The two birthday kids and I awoke at 4:45am Saturday morning, made coffee which we drank out of a bowl because we couldn’t find any mugs, and ate almond butter and jalapeno jam sandwiches for breakfast. The jalapeno jam was my mistake, I had thought it was blackberry, or some other delicious home-made fruit jam, but fortunately it wasn’t too spicy and didn’t cause any disasters later on along the trail. 

The run started at 7am when it was chilly and the sun had barely crested over the mountains. There were a modest 180 runners, and the feelings at the start line were cheery and friendly.  This was the inaugural event of the Lost Sierra’s Endurance Run, and it felt cool to be part of a first time event. The gun sounded, which was actually one of the volunteers saying in a regular speaking voice, “Ready, Set, GO” and off we went, plodding along the road until we turned onto the Mills Peak trail. We proceeded to climb up for 9 miles, gaining 3,000 ft of elevation in the process. I found the climb to be rather enjoyable as I simply ran at my own pace, occasionally walking the steep sections, and trying not to spend too much time thinking about how much fun I’d be having if I were biking down the trail rather than running up. At one point I kicked a rock and fell over. It was embarrassing because I had just passed an older gentleman, and he gave me a kind, understanding look as I picked myself up, dusted off my legs, and kept going. I eventually reached the top and was thrilled to discover there were only 4 miles remaining, and they were all downhill!

I ran down the dusty trail, letting gravity do as much work as possible while ensuring my knees and ankles stayed strong. I had thought very little about placing in the run, it was more of an event I wanted to participate in, not compete in. But towards the end of the down-hill two chicks came barreling past me and that got my competitive juices flowing. I knew one of the girls was in my category because we had chatted on the climb and I had no idea about the other girl. The trail continued to descend, and I kept the girls in my sight. I was pretty sure I could beat the two women, and while I had initiated the run with no grand plans of placing, I realized I’d be disappointed with myself if I didn’t at least try to pass the pair in front of me. I continued to follow as the trail continued to descend. Finally I heard bells and cheering – the end must be near! The trail crossed a small creek then suddenly started to climb. This was my moment. I always enjoy accelerating into the start of a climb as I hear my freshman year soccer coach in my head yelling at me, “Get up that hill, you hate hills.” I did hate that hill as I quickly moved past the girls, and also quickly started gasping for air. But I pushed on.  The hill was long and my legs started to slow down considerably as I reached the top, but that distance was all I needed. I huffed my way to the finish for the win where I was greeted with a margarita snow cone by the founder of Yuba Expeditions.  I ended up placing first in my category (women 30 – 39) and 7th for overall women. The after race party included a free lunch, beer from Sierra Nevada, and a band. While it wasn’t biking, the Lost Sierra Endurance Run was an excellent event, and you’ll find me back next year!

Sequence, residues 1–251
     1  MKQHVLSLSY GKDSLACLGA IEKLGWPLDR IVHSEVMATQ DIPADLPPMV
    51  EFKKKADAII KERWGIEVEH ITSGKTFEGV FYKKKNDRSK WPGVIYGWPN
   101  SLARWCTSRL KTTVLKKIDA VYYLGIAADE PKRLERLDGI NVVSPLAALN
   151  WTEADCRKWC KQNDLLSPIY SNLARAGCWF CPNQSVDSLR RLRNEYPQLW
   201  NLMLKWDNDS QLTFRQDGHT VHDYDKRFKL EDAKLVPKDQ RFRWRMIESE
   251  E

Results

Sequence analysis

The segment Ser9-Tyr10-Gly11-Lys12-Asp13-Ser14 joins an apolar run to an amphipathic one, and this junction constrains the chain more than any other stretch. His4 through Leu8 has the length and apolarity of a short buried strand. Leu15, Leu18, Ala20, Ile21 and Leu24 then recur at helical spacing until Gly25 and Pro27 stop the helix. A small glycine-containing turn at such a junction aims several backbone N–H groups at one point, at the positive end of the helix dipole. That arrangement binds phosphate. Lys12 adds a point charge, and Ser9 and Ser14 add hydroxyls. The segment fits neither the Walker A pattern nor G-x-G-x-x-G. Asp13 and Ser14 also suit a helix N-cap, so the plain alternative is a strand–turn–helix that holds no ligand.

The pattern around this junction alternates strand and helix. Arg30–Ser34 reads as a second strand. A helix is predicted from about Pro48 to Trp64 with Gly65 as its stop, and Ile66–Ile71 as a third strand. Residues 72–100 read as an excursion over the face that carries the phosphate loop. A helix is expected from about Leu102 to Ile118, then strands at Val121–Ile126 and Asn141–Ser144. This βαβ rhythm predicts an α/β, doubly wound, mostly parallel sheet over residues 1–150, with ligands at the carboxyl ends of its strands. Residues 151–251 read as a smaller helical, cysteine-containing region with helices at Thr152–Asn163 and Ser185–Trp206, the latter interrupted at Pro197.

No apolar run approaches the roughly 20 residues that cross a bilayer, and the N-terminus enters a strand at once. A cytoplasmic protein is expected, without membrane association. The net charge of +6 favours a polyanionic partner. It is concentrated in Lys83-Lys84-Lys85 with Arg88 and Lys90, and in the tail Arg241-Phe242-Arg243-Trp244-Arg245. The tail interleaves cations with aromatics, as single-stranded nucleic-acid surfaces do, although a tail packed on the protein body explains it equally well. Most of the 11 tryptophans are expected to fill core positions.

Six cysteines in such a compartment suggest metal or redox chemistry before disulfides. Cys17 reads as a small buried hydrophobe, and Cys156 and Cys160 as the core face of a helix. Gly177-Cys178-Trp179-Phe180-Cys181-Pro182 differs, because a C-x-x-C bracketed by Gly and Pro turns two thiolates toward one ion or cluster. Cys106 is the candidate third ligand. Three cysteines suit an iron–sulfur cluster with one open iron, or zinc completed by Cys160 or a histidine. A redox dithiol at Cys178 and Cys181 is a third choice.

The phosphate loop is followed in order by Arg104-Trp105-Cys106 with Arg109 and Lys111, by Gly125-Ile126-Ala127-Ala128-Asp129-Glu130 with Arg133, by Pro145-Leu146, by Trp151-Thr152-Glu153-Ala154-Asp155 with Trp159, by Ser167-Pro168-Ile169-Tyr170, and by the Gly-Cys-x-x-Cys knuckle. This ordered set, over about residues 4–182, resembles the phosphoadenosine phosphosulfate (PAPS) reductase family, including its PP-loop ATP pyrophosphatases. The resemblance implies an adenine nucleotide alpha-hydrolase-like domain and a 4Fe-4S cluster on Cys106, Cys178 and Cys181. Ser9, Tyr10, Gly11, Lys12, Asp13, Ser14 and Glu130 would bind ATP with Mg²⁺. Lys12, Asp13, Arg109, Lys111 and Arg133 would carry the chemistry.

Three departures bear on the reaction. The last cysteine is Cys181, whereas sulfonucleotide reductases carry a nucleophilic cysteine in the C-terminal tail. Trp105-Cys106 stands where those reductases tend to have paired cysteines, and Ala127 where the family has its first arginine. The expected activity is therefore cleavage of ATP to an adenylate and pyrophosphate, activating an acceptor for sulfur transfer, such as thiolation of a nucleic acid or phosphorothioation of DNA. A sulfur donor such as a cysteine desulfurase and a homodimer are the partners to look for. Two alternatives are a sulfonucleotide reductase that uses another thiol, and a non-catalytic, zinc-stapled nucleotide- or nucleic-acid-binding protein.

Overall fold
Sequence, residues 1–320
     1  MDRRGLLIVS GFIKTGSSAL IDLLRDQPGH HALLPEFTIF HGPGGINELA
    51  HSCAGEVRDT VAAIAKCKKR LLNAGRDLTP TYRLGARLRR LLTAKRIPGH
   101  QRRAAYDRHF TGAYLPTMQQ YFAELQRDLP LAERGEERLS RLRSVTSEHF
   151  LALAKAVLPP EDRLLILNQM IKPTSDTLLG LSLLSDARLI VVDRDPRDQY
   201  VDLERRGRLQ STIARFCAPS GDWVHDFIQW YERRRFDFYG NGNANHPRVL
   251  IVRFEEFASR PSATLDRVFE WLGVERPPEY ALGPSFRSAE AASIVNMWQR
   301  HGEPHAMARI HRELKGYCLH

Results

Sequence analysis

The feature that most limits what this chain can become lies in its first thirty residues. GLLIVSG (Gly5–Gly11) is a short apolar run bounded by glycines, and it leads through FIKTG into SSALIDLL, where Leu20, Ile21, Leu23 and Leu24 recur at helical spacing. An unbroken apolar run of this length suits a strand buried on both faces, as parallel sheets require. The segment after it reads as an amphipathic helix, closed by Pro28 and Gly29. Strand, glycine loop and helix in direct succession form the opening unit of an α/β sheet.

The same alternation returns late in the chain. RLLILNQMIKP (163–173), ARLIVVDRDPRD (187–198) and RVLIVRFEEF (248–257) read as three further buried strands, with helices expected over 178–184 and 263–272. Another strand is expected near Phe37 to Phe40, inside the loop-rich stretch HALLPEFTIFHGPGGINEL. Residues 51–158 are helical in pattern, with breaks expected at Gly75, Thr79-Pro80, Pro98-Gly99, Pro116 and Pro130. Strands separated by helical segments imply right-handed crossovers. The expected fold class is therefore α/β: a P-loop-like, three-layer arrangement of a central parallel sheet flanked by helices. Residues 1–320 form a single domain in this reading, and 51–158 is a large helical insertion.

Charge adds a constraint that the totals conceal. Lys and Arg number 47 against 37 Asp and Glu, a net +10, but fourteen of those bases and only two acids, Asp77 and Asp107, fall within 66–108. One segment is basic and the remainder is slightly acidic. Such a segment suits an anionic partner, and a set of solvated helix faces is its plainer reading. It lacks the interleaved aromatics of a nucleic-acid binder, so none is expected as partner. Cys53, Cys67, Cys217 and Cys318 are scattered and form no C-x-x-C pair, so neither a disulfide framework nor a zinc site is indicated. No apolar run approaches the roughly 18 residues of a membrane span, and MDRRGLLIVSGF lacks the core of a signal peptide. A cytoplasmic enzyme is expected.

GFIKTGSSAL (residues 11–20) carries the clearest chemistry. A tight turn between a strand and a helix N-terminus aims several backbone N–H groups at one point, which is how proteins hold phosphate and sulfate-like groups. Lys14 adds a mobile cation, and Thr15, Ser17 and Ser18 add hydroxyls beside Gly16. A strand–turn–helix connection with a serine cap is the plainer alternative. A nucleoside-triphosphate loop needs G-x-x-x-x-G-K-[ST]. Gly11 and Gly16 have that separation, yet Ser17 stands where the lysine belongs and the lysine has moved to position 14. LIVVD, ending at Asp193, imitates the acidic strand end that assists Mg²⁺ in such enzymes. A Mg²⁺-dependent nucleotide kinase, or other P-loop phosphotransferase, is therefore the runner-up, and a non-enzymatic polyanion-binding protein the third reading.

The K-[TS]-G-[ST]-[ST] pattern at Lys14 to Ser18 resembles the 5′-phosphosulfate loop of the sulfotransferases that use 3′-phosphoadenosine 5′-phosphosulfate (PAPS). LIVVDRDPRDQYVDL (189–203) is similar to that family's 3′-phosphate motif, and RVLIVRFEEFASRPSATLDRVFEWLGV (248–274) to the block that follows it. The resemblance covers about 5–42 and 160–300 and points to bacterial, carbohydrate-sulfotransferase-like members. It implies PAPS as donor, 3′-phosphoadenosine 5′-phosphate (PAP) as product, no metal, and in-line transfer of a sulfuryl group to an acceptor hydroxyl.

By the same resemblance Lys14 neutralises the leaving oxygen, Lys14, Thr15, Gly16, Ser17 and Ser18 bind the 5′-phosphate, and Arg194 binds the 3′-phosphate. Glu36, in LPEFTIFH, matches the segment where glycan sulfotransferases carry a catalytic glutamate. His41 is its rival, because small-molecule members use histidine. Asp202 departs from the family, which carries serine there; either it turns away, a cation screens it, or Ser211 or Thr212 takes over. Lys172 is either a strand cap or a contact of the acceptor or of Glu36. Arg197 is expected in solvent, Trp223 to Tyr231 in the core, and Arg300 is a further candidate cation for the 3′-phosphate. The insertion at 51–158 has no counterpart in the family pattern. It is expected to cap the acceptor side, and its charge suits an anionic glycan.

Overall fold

– bekah